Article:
190 F2d 163 United States v. Fogaley

190 F.2d 163

FOGALEY et al.

No. 4235.

United States Court of Appeals Tenth Circuit.

June 7, 1951.

Walter A. Rochow, Sp. Lit. Atty., OHE, Washington, D.C. (Ed Dupree, Gen. Counsel, OHE, Leon J. Libeu, Asst. Gen. Counsel, OHE, and Cecil H. Lichliter, Sp. Lit. Atty., OHE, all of Washington, D.C., on the brief), for appellant.

Gladys E. Friel, Tulsa, Okl. (Thomas A. Landrith, Jr., and Landrith & Friel, all of Tulsa, Okl., on the brief), for appellees.

Before PHILLIPS, Chief Judge, and MURRAH and PICKETT, Circuit Judges.

PHILLIPS, Chief Judge.

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On May 25, 1950, the United States commenced this action against the Fogaleys alleging violations of Sec. 4 of the Emergency Price Control Act of 1942, as amended, 50 U.S.C.A.Appendix, § 901 et seq., and of Sec. 206(a) of the Housing and Rent Act of 1947, as amended, 50 U.S.C.A.Appendix, § 1881 et seq., and the Controlled Housing Rent Regulation, as amended, 12 F.R. 4331, 13 F.R. 1861, and seeking damages, injunctive relief, and an order of restitution. At the trial the United States announced that it would not seek recovery of damages. The trial court found that the Fogaleys, as owners and landlords of the housing accommodations located at 412 1/2 South Peoria Street, Tulsa, Oklahoma, rented such housing accommodations to Don F. Williams from February 10, 1947, to August 10, 1949, at a monthly rental of $35 per month; that such housing accommodations were subject to rent control during such period and that the maximum legal rent therefor was $20 per month; and that Federal rent control was terminated in the Tulsa Rent Area under the provisions of the Housing and Rent Act of 1947, as amended, on July 14, 1950.


The proof established that the Fogaleys collected excess rent from Williams during such period in the amount of $450.


The court denied injunctive relief and ordered restitution in the sum of $45, holding that it should not order restitution except for the period where a recovery of damages was not barred by the one-year statute of limitations. Section 205 of the Housing and Rent Act of 1947, as amended,50 U.S.C.A. § 1881 et seq.


In United States v. Moore, 340 U.S. 616, 71 S.Ct. 524, the court held that a prior termination of rent control is not a bar to the granting of equitable relief by an order of restitution, and that the restitution of overcharges may be ordered under Sec. 206(b) of the Housing and Rent Act of 1947, as amended, whether or not injunctive relief is sought or is permissible at the time of the order.1


In Blood v. Fleming, 10 Cir., 161 F.2d 292, 295, we held that an action for injunction or restitution is not controlled by the one-year statute of limitations.2


At the trial Mrs. Louis Fogaley testified that they purchased the housing accommodations in 1946, and they did not know that the premises were subject to rent control. When the court announced that it 'would not go back of one year,' no further evidence was introduced with respect to the Fogaleys' knowledge that the housing accommodations were subject to rent control.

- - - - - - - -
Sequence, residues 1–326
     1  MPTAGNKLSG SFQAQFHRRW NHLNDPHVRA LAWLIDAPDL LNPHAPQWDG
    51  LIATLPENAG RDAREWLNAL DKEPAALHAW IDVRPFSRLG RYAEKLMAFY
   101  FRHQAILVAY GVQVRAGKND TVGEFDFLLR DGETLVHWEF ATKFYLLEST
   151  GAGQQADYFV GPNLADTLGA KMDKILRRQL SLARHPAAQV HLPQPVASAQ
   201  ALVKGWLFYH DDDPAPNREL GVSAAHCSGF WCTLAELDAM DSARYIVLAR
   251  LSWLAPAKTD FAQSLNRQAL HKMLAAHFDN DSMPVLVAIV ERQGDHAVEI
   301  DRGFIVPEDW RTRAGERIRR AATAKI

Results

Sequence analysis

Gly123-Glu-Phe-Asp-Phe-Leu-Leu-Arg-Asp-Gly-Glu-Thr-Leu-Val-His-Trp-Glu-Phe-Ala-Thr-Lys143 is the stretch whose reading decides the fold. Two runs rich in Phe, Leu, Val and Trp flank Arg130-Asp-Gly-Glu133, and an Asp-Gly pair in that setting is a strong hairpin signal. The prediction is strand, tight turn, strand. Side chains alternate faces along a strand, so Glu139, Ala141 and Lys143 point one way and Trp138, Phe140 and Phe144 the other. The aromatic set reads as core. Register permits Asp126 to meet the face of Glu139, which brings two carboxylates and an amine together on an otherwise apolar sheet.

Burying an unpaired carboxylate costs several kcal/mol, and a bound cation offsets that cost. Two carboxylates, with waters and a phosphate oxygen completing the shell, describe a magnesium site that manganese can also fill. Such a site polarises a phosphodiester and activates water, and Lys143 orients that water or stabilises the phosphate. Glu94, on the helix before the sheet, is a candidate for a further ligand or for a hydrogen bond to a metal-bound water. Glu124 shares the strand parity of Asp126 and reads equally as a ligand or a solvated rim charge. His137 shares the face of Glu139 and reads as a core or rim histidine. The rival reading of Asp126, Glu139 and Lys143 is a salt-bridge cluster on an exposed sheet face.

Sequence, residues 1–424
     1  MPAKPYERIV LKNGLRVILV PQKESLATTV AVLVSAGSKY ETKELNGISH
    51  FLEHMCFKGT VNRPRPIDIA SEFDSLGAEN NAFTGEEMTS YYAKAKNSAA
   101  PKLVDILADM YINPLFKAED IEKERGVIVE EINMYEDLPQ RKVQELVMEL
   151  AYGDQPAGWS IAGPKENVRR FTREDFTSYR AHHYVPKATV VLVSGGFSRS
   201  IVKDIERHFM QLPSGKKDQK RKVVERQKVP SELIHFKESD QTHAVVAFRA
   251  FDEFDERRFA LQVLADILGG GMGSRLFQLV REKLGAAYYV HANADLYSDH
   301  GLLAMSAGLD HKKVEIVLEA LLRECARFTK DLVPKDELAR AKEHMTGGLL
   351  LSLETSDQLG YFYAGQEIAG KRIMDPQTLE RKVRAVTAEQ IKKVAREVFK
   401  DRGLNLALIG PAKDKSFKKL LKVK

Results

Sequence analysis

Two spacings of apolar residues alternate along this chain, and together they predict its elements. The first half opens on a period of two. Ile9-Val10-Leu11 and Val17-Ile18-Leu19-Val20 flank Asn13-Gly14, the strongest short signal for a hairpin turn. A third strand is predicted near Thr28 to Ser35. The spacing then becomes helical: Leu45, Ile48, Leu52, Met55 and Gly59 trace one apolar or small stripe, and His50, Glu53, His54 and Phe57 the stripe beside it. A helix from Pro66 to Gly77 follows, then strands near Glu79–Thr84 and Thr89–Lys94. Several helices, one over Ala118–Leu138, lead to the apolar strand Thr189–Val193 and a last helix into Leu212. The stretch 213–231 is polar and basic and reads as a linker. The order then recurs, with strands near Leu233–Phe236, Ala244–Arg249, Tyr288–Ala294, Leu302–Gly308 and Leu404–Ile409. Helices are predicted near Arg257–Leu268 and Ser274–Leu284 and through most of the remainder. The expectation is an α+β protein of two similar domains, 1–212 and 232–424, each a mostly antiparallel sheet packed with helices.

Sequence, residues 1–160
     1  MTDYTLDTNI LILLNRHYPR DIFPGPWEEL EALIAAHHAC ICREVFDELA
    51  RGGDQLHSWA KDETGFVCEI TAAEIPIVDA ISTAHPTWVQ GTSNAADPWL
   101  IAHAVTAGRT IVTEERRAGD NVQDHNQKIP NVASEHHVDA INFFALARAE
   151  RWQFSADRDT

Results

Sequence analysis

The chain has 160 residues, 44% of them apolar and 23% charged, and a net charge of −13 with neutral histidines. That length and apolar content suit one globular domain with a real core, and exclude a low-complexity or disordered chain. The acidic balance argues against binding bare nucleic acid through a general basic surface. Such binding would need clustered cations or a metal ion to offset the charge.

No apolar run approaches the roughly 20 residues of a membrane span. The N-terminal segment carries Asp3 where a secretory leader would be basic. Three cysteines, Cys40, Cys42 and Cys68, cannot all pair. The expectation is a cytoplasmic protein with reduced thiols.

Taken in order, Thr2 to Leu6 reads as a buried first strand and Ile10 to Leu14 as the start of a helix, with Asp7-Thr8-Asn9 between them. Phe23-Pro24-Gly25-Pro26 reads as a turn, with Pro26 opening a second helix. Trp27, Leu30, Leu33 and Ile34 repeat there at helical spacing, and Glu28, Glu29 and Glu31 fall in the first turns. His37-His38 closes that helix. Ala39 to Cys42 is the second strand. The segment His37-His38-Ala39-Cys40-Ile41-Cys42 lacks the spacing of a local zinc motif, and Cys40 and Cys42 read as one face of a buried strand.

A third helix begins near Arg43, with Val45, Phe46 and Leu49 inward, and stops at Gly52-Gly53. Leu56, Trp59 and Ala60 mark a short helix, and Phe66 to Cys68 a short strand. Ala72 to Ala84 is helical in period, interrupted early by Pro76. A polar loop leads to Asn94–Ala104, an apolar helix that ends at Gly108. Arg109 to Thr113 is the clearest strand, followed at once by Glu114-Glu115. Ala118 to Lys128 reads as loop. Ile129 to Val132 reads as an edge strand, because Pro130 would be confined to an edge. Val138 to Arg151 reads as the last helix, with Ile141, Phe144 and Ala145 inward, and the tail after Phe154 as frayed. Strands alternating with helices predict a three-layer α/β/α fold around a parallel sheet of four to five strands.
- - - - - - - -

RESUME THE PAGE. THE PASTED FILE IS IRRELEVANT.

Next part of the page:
We adhere to our holding in Greider v. Woods, 10 Cir., 177 F.2d 1016, that want of knowledge of rent control is not a bar to an action for restitution. In Woods v. Tate, 5 Cir., 171 F.2d 511, the court held that it is the duty of a landlord, when he comes into ownership of property, to ascertain whether the premises are subject to rent control, and, if controlled, the maximum rent allowable.

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At the trial the Fogaleys introduced evidence that repair of the plumbing became necessary because it had developed leaks which permitted water to damage the housing accommodations and that part of the premises on the floor below the housing accommodations; that the tenant refused to make the repairs and refused to permit the Fogaleys to make the repairs; that when the tenant moved out the Fogaleys found the water running in the bathroom and in the lavatory and through the floor to the premises below. The court held that those facts were immaterial and that he would not receive any further evidence with respect to the damages caused by the water.


Relief by way of restitution is equitable in nature and damages wrongfully caused by the tenant should have been considered. The chancellor has power to do equity and mold his decree to the necessities of the particular case. Hecht Co. v. Bowles, 321 U.S. 321, 329, 330, 64 S.Ct. 587, 88 L.Ed. 754.


Equitable relief, under the Housing and Rent Act of 1947, as amended, should be granted in accordance with traditional equity principles and practices, as conditioned by the necessities of the public interest which the Act seeks to protect. Hecht Co. v. Bowles, supra.


The cause is remanded with instructions to vacate the judgment, permit the Fogaleys to introduce evidence of damages wrongfully caused by the tenant and enter an order of restitution in accordance with equitable principles and practices, giving due consideration to the public interest.


See also cases cited in Note 6 to United States v. Moore, supra


See also: Woods v. Richman, 9 Cir., 174 F.2d 614, 616; Woods v. Witzke, 6 Cir., 174 F.2d 855, 856; Woods v. Wayne, 4 Cir., 177 F.2d 559, 560; Ebeling v. Woods, 8 Cir., 175 F.2d 242, 244, 245; Woods v. McCord, 9 Cir., 175 F.2d 919, 921; Smith v. Woods, 5 Cir., 178 F.2d 467, 469; Co-Efficient Foundation v. Woods, 5 Cir., 171 F.2d 691, 696; Warner Holding Co. v. Creedon, 8 Cir., 166 F.2d 119, 121